Wednesday, July 2, 2008

Pope Begins New Catechesis on Saint Paul

From the Vatican:

Last Sunday, the Solemnity of the Apostles Peter and Paul, marked the
beginning of a Year dedicated to the figure and teaching of the Apostle Paul.
Today’s Audience begins a new series of catecheses aimed at understanding more
deeply the thought of Saint Paul and its continuing relevance. Paul, as we know,
was a Jew, and consequently a member of a distinct cultural minority in the
Roman Empire. At the same time, he spoke Greek, the language of the wider
Hellenistic culture, and was a Roman citizen. Paul’s proclamation of the Risen
Christ, while grounded in Judaism, was marked by a universalist vision and it
was facilitated by his familiarity with three cultures. He was thus able to draw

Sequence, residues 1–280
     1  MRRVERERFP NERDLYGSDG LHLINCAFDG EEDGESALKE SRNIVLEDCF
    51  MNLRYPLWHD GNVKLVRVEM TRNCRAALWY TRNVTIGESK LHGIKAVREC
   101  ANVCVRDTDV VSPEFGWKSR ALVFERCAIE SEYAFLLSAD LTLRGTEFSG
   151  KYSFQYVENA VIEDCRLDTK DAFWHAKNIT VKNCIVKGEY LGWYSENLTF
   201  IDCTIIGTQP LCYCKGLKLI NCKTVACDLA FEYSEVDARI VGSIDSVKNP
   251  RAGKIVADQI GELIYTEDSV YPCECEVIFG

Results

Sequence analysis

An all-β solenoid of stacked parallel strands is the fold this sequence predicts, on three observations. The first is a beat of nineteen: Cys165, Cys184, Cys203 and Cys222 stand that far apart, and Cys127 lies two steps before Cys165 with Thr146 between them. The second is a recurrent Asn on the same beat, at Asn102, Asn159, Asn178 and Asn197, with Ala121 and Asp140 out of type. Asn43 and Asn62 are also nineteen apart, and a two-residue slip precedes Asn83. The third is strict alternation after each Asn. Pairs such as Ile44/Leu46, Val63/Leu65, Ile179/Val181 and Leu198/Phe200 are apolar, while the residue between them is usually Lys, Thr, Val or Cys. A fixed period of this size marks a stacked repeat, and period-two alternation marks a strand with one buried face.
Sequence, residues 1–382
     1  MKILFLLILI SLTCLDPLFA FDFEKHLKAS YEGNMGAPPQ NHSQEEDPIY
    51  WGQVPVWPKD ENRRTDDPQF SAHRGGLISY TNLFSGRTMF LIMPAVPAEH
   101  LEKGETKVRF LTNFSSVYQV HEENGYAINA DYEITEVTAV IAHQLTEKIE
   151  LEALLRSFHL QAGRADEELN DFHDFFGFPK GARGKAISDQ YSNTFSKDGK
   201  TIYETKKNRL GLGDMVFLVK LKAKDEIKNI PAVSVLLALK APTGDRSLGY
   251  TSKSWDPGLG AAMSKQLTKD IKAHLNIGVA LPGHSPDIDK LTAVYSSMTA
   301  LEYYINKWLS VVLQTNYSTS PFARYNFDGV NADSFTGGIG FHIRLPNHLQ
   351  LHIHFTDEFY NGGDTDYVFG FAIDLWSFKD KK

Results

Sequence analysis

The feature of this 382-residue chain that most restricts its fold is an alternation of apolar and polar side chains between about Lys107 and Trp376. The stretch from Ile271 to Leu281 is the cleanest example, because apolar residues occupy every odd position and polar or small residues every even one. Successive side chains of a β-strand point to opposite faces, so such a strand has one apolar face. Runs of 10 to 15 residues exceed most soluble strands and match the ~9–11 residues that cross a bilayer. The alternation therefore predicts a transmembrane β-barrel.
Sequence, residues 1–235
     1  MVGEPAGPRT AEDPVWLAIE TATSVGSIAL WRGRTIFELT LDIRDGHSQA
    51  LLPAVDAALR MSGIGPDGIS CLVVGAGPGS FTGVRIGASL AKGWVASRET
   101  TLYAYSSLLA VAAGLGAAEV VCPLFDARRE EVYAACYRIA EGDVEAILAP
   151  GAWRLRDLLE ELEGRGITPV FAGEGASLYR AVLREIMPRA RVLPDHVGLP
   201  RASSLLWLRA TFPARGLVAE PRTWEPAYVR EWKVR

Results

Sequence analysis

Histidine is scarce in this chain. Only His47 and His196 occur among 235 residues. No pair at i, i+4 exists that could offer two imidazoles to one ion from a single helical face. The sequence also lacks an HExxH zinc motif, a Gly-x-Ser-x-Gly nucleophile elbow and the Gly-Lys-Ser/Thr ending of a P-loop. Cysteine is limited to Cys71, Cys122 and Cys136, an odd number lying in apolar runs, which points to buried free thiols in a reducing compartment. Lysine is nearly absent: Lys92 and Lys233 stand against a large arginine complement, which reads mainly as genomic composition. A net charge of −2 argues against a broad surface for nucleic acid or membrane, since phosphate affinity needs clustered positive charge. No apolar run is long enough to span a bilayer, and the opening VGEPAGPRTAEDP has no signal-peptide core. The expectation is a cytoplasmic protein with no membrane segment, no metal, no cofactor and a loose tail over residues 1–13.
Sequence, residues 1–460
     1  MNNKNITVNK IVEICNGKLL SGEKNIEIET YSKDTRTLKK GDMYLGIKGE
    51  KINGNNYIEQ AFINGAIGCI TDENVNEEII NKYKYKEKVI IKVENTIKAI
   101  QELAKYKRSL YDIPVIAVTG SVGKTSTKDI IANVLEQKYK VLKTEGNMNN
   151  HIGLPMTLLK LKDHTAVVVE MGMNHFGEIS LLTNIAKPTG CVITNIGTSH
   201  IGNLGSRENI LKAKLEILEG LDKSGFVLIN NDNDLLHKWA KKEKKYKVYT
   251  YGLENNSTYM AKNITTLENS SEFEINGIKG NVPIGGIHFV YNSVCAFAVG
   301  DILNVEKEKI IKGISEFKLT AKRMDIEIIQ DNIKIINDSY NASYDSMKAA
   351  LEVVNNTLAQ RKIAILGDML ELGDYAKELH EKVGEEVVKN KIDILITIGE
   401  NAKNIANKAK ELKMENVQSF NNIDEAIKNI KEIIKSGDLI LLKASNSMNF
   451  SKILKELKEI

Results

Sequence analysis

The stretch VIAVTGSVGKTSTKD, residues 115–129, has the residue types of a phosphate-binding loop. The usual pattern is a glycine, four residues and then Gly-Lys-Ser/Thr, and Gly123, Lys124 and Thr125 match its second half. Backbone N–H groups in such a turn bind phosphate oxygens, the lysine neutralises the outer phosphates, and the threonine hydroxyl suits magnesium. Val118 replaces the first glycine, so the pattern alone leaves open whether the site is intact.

from the spiritual richness of contemporary philosophy, and Stoicism in
particular, in his preaching of the Gospel. The crisis of traditional
Greco-Roman religion in Paul’s time had also fostered a greater concern for a
personal experience of God. As we see from his sermon before the Areopagus in
Athens (cf. Acts 17:22ff.), Paul was able to appeal to these currents of thought
in his presentation of the Good News. Against this broad cultural background,
Paul developed his teaching, which we will explore in the catecheses of this
Pauline Year.

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